Students who usually walk to Lincoln Elementary School alone or are dropped by their parents now have another option for getting there.
Tiffin Community YMCA is sponsoring the Tiffin YMCA Walking School Bus Program in the Lincoln neighborhood.
Francine Neal, Activate America program coordinator at the YMCA, said the concept has been employed in different places, but this year is the first time it's been tried in Tiffin. Monday was the first day of the local program.
"There are a lot of walking school buses across the country," she said.
Neal said the YMCA is looking for ways to encourage children to learn to love moving and appreciate being outdoors. Officials also are seeking to have physical activity become a regular part of children's lives.
"We hope to encourage kids to love activity (and) increase their activity," she said.
Neal said YMCA officials are hopeful that by having children walk to school, they'll get to school and feel ready state learn when they arrive. They will have been out in fresh air, she said.
"They'll be ready to sit down and learn," she said.
Neal said officials wanted to start the program in one school and get it going. From there, they are hoping the interest will exist throughout the city so they can expand. The program is starting with Lincoln, which has a railroad track running nearby.
"It makes it a little unfriendly for the kids to walk to school," she said.
Neal said the program has two routes. One starts at Tiffin Eagles, 68 Riverside Drive, and the other starts at Heritage IGA, 479 E. Market St.
"The parents could drop their kids at those two locations by 7:30, and then we walk the route to the school," she said. "If the kids live along that route, they can walk out their front door and join the bus."
Neal, one of the bus chaperones, said 7:20-7:30 a.m. is the time when parents should drop off their children, and the bus leaves the parking lots at 7:30 a.m.
"It will be a line, and we will be on sidewalks the whole way," she said.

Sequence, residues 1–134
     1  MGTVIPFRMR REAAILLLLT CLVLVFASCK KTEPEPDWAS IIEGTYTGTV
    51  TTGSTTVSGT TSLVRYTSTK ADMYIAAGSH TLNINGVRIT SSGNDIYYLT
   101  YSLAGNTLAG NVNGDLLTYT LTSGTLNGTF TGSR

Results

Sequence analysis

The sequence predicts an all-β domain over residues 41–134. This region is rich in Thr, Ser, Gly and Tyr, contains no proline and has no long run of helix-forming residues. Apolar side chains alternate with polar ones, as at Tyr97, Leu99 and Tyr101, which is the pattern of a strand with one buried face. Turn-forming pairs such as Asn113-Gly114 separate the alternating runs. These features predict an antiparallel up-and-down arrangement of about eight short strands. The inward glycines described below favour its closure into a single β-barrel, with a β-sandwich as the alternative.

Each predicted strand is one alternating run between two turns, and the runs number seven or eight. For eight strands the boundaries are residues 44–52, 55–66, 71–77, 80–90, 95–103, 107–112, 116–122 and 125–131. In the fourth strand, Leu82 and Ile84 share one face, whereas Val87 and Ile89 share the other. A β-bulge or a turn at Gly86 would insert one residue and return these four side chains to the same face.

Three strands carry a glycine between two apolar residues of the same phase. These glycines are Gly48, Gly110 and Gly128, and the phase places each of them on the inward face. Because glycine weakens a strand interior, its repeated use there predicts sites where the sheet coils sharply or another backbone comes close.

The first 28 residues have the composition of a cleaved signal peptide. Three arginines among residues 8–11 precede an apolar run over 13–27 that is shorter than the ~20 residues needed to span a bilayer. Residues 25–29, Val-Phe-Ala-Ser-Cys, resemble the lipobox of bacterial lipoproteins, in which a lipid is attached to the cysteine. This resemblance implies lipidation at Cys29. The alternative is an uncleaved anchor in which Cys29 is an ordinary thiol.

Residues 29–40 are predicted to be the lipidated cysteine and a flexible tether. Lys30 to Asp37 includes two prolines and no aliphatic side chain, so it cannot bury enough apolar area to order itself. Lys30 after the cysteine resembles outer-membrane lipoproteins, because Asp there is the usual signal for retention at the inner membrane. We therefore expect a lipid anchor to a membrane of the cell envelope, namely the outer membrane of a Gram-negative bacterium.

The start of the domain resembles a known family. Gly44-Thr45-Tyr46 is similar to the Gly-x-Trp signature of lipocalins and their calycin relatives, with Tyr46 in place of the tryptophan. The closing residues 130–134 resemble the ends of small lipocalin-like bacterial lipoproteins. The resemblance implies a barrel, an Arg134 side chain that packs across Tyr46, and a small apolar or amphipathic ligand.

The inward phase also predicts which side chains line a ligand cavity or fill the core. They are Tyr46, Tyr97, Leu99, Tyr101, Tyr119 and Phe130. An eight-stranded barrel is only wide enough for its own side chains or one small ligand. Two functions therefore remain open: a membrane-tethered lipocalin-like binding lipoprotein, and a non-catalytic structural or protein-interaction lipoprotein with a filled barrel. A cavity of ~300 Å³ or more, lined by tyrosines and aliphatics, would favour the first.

The walking school bus program is to continue for six weeks in the fall, and officials are planning to start it again in the spring.
The bus does not travel in rain or in the event of a two-hour delay.
Neal said she would love to expand the program to more schools, but it has to have the support of the community because the YMCA needs people to lead and follow the lines. People who would like to volunteer with the program can contact her at the YMCA and must go through a background check and fingerprinting process.
Currently, YMCA staff members are to walk with children, but Neal said volunteers would enable the program to have more routes. Volunteers could take over the role of the YMCA staff members, she said.
Tom Anway, director of operations for Tiffin City Schools, said district buses transport students who live more than two miles from their home schools. Children attending Krout, Lincoln, Noble and Washington elementary schools all live within two miles of the schools, he said.
Anway serves on the YMCA's board of directors and said there always are collaborative ventures between the school district and the YMCA.
He said he thinks the walking school bus idea is wonderful. It reduces the number of vehicles around the building in the morning. He said it creates a safer situation and gets children out walking in the morning.
"This is well-supervised," he said.
Neal said officials hope the community embraces the idea. People see things through different eyes when walking and notice things they don't notice when they're driving past them, she said.
"It's just a beautiful community," she said.